The Latin America Working Group (LAWG) and U.S. Office on Colombia (OSOC) published a report yesterday, International Human Rights Day , on the forced disappearances in Colombia. The report, titled, "Breaking the Silence: In Search of Colombia's Disappeared ," calls on academia, the media and civil society in its conclusion:
- "Colombian human rights groups, working closely with associations of relatives of the disappeared, should carry out collaborative investigative work on forced disappearances, much like the collective work on extrajudicial executions which helped to focus national and international attention on the “false positive” scandal . International human rights groups can help by disseminating these studies, participating in international missions and carrying out their own investigations.
- Colombian and international scholars and journalists, by focusing attention on this still overlooked issue, could help illuminate and propose solutions to the tragedy of forced disappearance and awaken broader Colombian society to its dimensions and human impact."
Above all, the report calls for increased investigations of these disappearances not only to find those who are missing but also to find those responsible for their disappearance. In other words, the report argues for an end to the lack of accountability and lack of justice.
The findings of this report relate directly to IDPs (which I've been focusing on) because the threat of being 'forcibly disappeared' or having a member of your family suddenly disappear instills fear in different communities within Colombia--enough to get them to flee their homes and relocate elsewhere.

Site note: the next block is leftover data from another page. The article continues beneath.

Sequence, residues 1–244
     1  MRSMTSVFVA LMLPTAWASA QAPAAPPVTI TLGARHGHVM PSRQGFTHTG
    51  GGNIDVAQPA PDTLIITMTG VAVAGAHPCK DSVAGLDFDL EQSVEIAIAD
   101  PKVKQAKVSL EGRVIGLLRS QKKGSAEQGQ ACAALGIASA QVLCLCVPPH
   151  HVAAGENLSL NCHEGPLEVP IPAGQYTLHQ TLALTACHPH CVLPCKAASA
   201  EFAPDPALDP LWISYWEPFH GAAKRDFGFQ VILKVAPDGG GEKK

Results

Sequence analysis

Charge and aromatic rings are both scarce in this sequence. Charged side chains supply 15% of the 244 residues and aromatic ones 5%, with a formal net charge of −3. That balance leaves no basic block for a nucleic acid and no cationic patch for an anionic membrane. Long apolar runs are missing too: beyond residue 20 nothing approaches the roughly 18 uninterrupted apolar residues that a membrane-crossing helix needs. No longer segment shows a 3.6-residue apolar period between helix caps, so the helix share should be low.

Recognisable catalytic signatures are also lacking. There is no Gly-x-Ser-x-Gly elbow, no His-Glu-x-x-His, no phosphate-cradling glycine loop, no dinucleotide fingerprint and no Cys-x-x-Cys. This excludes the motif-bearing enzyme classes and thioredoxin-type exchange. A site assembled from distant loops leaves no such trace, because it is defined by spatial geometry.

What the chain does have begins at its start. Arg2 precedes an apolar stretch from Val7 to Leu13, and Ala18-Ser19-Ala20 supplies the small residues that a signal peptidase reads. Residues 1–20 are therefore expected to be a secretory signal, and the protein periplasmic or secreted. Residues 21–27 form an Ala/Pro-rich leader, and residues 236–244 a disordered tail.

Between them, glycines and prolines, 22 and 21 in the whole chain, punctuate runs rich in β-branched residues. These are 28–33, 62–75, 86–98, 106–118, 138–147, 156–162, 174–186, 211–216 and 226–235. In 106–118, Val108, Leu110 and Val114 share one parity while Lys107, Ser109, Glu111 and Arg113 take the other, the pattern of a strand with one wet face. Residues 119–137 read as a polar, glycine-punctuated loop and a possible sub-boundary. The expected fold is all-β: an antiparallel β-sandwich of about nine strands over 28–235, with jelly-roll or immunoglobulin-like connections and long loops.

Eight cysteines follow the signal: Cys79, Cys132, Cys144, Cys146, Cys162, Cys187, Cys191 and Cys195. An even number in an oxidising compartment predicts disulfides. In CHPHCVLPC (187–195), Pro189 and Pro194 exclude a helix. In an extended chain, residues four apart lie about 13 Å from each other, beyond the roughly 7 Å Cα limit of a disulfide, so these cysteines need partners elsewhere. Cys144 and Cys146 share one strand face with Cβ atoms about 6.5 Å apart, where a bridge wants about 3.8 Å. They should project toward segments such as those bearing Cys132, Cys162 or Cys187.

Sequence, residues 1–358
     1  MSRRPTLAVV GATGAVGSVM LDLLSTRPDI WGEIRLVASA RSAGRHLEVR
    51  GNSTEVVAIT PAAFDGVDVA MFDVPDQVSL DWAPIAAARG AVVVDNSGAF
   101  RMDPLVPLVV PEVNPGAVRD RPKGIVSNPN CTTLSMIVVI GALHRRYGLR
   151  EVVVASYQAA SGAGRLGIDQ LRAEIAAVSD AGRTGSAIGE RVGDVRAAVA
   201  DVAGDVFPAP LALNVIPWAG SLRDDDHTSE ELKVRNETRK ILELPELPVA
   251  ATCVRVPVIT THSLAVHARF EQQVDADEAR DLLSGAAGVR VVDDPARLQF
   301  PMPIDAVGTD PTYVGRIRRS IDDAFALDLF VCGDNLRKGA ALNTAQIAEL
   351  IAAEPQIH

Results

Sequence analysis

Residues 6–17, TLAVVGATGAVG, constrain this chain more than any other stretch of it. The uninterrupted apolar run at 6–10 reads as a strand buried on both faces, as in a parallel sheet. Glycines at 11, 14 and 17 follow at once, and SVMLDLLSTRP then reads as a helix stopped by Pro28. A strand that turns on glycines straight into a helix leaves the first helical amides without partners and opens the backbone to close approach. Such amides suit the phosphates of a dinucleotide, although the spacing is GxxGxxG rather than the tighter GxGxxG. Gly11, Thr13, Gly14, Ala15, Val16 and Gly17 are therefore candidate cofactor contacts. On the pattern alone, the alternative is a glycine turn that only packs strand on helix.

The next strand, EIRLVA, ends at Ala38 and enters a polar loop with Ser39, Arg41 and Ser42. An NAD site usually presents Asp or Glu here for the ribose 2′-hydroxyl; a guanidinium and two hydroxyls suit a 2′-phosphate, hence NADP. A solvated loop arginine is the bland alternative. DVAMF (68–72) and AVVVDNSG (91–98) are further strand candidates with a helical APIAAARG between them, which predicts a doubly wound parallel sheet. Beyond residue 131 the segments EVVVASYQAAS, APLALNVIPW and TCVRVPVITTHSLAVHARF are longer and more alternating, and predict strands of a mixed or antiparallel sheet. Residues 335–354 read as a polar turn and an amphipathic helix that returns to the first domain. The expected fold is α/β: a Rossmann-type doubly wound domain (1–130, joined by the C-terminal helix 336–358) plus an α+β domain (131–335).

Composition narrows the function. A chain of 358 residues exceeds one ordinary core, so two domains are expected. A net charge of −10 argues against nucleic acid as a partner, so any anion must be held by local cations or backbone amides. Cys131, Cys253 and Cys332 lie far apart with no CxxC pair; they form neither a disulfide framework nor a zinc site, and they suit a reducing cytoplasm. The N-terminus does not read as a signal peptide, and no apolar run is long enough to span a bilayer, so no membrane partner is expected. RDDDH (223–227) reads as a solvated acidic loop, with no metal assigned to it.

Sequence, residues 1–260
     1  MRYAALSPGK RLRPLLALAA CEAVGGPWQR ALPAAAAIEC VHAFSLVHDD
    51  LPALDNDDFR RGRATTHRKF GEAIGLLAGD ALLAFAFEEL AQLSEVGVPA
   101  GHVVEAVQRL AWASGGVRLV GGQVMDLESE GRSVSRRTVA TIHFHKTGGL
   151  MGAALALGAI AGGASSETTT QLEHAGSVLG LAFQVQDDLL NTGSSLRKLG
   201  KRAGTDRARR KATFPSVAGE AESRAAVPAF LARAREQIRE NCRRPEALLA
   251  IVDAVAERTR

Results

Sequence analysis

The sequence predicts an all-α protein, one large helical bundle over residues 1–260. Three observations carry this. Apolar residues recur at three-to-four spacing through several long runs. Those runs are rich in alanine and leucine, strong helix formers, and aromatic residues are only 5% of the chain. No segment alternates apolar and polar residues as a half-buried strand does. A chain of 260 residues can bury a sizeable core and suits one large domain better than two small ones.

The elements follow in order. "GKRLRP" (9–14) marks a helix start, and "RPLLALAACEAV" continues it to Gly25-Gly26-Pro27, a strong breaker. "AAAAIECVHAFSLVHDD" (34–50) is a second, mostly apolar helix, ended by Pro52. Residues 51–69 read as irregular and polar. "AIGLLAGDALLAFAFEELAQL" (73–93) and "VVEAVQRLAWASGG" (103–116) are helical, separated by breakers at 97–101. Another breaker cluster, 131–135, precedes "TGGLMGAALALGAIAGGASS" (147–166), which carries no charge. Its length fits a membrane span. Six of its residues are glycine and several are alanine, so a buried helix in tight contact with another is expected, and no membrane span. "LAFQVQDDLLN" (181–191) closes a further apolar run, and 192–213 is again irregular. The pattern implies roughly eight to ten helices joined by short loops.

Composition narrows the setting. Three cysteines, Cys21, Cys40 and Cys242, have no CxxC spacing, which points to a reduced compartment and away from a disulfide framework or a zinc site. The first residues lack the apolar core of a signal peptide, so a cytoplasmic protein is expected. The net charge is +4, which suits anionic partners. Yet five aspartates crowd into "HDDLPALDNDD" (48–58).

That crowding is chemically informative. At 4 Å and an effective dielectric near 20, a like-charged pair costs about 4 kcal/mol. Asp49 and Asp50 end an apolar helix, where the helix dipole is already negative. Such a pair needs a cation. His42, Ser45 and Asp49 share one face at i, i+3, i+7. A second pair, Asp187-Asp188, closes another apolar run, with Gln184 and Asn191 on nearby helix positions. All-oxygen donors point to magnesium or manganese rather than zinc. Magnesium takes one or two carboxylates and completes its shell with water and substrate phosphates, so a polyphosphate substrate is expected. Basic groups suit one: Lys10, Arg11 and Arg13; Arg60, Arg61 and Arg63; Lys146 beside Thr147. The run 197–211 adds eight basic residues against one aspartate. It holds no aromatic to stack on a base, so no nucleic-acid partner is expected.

Lisa Haugaard, the Executive Director of LAWG, wrote an article, "Disappearances in Colombia on a Scale Never Imagined", in her blog on the Huffington Post outlining the findings of the report and providing links to various different websites that can be used as resources for finding missing persons, such as Internationl Comission on Missing Persons (ICMP ) . Some of these websites are of organizations founded by the families of the disappeared, such as, la Associacion de Familiares Detenidos/Desaparecidos (ASFADDES , in English, the Association of Relatives of Detained/Dissapeared) or Fundacion Nydia Erika Bautista para los Derechos Humanos (in English, Nydia Erika Bautista Foundation for Human Rights). Many relatives of disappeared have been searching for their family members for years.
Haugaard also provides a link to the Colombian government database of missing persons, called la Comision de Busqueada de Personas Desaparecidas (in English, the Comission to Search Missing Persons).
CNN Español reported on this issue on December 1, 2010. Below is the video :
In May 2010, there were rallies in Bogota also calling attention to this matter. The photos in this blog post are from those rallies.